Image Credit & Copyright: Tanja Sund CLICK image for larger view and look below for information and links.

This image comes from the incredibly talented South African photographer, Tanja Sund and it’s a view of our star city, the Milky Way Galaxy over RooiKloof Farm in the Karoo Desert, Sutherland, South Africa. In this image the nucleus of the galaxy glows brightly as countless billions of stars do their best to illuminate the sky through that immense, thick band of gas and dust that permeates the galactic plane. Like ants looking up through the grass, we peer through the tree tops. Unlike the ants, we have the ability to wonder, ponder and understand the enormity of what we’re seeing.

Ever stop to think about where the Milky Way got its name? You wouldn’t be the first and it actually dates back much further than even Galileo, which as many of you know is responsible for the discovery that the Milky Way was an enormous collection of stars but even he had no concept of what he was seeing. It would be hundreds of years after Galileo that we would understand that we were viewing an edge on view of a spiral galaxy.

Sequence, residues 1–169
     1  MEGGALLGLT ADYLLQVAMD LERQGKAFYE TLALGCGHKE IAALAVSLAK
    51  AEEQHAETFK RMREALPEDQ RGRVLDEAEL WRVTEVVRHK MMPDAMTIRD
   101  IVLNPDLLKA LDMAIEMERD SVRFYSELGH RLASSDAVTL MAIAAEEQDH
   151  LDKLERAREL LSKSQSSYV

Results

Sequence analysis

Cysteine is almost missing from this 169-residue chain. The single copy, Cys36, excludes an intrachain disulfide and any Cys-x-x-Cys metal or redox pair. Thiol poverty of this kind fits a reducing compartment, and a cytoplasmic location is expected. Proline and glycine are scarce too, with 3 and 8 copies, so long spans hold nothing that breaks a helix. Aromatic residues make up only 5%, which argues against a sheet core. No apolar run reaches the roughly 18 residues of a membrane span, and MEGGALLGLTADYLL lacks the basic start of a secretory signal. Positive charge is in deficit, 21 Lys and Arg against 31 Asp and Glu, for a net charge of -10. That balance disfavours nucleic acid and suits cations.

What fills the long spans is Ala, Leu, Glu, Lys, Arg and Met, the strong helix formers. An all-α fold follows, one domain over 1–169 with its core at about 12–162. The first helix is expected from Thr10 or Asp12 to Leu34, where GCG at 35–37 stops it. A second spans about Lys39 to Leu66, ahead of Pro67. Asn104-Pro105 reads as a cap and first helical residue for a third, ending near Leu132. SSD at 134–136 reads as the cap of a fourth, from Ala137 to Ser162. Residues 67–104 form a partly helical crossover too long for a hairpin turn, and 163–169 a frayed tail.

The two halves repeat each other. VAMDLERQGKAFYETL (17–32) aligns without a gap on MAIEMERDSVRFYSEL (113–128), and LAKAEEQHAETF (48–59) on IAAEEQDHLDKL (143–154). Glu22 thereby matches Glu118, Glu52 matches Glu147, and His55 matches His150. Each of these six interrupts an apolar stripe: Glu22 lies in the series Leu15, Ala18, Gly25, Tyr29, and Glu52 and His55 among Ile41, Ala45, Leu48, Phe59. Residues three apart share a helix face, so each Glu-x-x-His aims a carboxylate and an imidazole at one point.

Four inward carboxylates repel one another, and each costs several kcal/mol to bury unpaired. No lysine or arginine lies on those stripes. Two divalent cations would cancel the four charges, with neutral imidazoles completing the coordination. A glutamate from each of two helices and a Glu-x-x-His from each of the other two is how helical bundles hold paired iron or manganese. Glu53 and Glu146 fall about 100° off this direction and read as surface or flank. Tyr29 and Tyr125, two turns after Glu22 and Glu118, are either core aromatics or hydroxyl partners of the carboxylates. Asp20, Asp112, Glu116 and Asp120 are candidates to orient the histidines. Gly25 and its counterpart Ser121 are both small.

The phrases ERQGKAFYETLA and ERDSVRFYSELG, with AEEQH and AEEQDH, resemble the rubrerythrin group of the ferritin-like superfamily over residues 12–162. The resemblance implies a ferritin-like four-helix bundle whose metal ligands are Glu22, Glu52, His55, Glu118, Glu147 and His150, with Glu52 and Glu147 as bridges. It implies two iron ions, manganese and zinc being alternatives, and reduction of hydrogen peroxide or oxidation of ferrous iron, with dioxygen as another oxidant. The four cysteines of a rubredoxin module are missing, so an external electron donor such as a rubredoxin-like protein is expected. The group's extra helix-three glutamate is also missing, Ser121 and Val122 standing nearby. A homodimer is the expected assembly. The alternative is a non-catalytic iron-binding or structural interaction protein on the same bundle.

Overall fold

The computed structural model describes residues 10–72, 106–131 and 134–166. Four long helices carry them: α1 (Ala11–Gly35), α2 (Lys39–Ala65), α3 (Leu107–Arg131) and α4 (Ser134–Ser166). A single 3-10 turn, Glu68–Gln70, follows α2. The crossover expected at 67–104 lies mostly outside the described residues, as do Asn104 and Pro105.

I digress…..Ok back to the name. Back as far as the Greeks it was known as Galaxias Kyklos or The Milky Circle. The Greek myth goes that Zeus brought Heracles to Hera to suckle when she was asleep. As baby Heracles was having his meal, Hera woke up suddenly and pushed him away, resulting in a few drops of spilt milk. The drops created the galaxy that is now known as the Milky Way. Years later the Romans would tweak the name to Via Lactea or The Milky Road and eventually to what we call it today; The Milky Way. There are no names to credit with the naming of our home spiral as it dates back too far for records to have accurately revealed but one cool naming fact has always been (at least to me) pretty cool. The word galaxies which stated above, is literally a Greek word for milk. So every time you say the word galaxy, you’re for all intents and purposes, saying “milk.”

I truly hope you all enjoy this image and if you do, go visit more of Tanja’s works as she has everything from wide field night sky images to deep sky objects & tutorials to amazing landscape and scenery images.

Tanja Sund:




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